it's down 2 and a half percent. another intriguing stories, google, they are working on a new smart speaker. they want to rival the amazon echo. jack, this is all about voice activated computing power in your own home. >> this is not just you having chat in kitchen, controlling, thermostat, security at some point. amazon has early lead here. the record of the other dot com giants is not good. i would expect amazon to hold on. stuart: echo still wins, you say? ashley: how easily can they be hacked? 110 or something. >> i agree with jack. amazon has a great head start. their devices, you know, alexa, the spoken alexa, all the products, a line of products that have it are integrated with many more products and
applications than google has to far. google is two years so far. liz: can you ask alexa, who is hacking me. stuart: alexa, or whatever it is, turn on the tv, i want fox business. >> you can do that now. yes. stuart: okay. ly buy it. [laughter] stuart: very important story. microsoft, okay, i own a little bit of this company. microsoft is rolling out new high-end virtual reality head sets. okay. so what, are you going to buy one? are you going to buy the stock? >> we own the stock, love the stock. it's for game's occasion, that's a big deal. i don't think it's a money driver for microsoft. stuart: okay. ford motor company is putting more money into electric vehicles, that's the story. ashley: people argued that ford has lagged behind. they did get together with lyft and autonomous research. new ceo, we are going to get on board big time, all of our cars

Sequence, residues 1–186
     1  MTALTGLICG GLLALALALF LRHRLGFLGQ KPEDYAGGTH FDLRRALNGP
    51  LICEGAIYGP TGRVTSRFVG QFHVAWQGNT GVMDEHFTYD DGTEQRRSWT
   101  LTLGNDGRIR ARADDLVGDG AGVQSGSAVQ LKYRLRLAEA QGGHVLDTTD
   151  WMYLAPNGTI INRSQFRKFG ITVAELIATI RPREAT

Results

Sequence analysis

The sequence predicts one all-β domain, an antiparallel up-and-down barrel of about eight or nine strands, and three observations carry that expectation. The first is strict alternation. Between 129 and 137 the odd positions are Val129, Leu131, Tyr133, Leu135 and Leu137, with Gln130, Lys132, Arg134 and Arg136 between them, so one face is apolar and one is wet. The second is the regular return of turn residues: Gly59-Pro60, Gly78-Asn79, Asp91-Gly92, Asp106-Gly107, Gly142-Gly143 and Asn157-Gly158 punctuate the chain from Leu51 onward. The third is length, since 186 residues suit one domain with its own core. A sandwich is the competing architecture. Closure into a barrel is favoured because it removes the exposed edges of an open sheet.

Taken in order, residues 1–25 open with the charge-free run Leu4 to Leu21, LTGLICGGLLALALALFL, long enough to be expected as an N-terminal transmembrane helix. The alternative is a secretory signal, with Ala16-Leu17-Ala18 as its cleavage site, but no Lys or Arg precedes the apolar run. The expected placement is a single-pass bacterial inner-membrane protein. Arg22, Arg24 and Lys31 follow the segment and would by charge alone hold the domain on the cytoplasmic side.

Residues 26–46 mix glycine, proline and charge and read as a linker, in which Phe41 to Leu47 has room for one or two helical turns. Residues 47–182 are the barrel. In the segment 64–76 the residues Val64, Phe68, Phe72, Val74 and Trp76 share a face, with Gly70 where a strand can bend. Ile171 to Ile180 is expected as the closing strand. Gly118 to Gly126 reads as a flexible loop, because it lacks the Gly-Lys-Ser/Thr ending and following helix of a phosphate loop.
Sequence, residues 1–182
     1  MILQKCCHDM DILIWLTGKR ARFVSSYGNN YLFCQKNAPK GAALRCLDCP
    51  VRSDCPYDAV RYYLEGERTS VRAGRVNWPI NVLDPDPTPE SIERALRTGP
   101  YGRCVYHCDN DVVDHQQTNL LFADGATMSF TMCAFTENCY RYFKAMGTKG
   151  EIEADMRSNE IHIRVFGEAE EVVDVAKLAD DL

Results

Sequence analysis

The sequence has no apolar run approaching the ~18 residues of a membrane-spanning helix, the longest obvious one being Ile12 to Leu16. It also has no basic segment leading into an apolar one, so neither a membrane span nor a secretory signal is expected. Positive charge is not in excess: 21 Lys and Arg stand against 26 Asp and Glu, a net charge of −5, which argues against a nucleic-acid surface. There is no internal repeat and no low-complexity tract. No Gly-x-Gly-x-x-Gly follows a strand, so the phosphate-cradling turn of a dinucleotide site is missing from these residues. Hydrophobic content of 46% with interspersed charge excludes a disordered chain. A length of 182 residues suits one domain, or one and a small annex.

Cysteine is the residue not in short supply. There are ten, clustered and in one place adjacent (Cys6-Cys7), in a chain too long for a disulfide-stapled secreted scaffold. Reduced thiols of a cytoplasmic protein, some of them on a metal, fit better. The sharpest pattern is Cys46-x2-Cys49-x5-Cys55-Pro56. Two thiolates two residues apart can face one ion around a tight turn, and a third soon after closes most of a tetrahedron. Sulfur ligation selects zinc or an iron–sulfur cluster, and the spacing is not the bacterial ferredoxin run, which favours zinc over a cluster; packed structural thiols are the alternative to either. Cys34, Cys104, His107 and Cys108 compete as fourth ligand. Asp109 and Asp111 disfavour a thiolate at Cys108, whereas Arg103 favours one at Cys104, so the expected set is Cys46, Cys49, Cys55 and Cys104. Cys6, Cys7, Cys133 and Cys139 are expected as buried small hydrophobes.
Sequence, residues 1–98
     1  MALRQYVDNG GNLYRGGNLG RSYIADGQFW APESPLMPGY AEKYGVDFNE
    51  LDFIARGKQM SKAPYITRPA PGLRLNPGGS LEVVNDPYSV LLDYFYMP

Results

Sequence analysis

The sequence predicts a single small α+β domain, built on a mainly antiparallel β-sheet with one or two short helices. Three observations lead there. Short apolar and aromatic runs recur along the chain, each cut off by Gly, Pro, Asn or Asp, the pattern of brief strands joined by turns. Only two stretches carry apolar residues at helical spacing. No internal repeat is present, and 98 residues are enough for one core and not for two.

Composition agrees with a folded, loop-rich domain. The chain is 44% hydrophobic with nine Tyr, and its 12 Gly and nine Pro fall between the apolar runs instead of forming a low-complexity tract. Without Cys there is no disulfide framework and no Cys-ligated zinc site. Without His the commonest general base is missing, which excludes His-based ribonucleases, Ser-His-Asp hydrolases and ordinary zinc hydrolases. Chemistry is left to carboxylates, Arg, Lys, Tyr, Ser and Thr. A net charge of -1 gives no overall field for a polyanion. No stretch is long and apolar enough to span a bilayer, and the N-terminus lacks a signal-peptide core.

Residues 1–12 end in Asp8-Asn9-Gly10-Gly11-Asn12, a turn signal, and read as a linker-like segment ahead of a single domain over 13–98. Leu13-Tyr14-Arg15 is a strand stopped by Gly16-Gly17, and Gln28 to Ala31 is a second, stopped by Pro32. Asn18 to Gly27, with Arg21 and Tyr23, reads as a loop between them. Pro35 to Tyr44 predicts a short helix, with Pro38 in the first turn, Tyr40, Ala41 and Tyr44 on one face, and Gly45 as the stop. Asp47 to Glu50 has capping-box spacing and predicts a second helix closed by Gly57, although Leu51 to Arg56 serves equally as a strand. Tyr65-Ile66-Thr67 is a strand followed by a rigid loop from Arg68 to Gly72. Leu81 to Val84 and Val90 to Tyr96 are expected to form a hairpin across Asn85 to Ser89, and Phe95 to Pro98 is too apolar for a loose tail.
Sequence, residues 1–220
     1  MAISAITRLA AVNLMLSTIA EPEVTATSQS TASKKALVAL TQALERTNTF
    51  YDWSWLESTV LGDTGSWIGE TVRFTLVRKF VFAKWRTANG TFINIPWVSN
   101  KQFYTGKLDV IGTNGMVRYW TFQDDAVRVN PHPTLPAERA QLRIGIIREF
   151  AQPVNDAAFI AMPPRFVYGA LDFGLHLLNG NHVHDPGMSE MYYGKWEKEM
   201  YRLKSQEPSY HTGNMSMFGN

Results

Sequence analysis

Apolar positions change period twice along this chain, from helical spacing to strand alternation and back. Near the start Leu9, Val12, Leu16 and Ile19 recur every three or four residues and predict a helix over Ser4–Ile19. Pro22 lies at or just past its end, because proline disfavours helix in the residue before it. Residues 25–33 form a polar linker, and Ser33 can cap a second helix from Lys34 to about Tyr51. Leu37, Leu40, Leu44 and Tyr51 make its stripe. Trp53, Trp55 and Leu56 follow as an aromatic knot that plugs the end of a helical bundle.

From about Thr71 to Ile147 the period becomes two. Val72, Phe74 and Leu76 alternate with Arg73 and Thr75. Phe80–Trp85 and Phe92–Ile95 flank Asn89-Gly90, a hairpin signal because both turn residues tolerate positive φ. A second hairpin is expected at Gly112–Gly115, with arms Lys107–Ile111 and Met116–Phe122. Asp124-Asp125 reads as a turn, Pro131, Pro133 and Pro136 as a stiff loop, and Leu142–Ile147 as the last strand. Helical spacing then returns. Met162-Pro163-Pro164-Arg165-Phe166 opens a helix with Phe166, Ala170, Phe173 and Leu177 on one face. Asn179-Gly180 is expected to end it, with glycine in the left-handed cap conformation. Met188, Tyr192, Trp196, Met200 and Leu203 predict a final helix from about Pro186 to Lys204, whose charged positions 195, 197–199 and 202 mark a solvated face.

will be internet connected by the time 2019 rolls arnold. we will spend more money on the electric vehicle, the autonomous vehicle, technology, but we know what gm said just the other day, all our cars will be electric. makers to have f-150 pickup truck. stuart: all of us by 2030 will have electric car. >> 2030, one-third of cars will be combustion engines. liz: electric grid better be ready for all of this. stuart: extraordinary prediction. >> it's because you're thinking of preius's. the muscle cars of the future. stuart: now you're talking.
>> ford is behind on the curve on this. we own ford. it's been underperformer for a long time. i picked the wrong stock, i should have gone to gm. stuart: incredible. >> hurricane damage and have to replace a lot of cars. stuart: i can't remember seeing a company like general motors go from 33 to 43 in a couple of weeks and it's done just that. >> it's about technology. stuart: tobacco companies will start running ads from 1999 trial about negative effects of smoking. antiads of tobacco. liz: 18 years, the federal lawsuit. when was the last time you saw antismoking ad anywhere. smoking kills 1200 people a day, highly addictive and we were part and parcel of intentionally designing cigarettes to cover.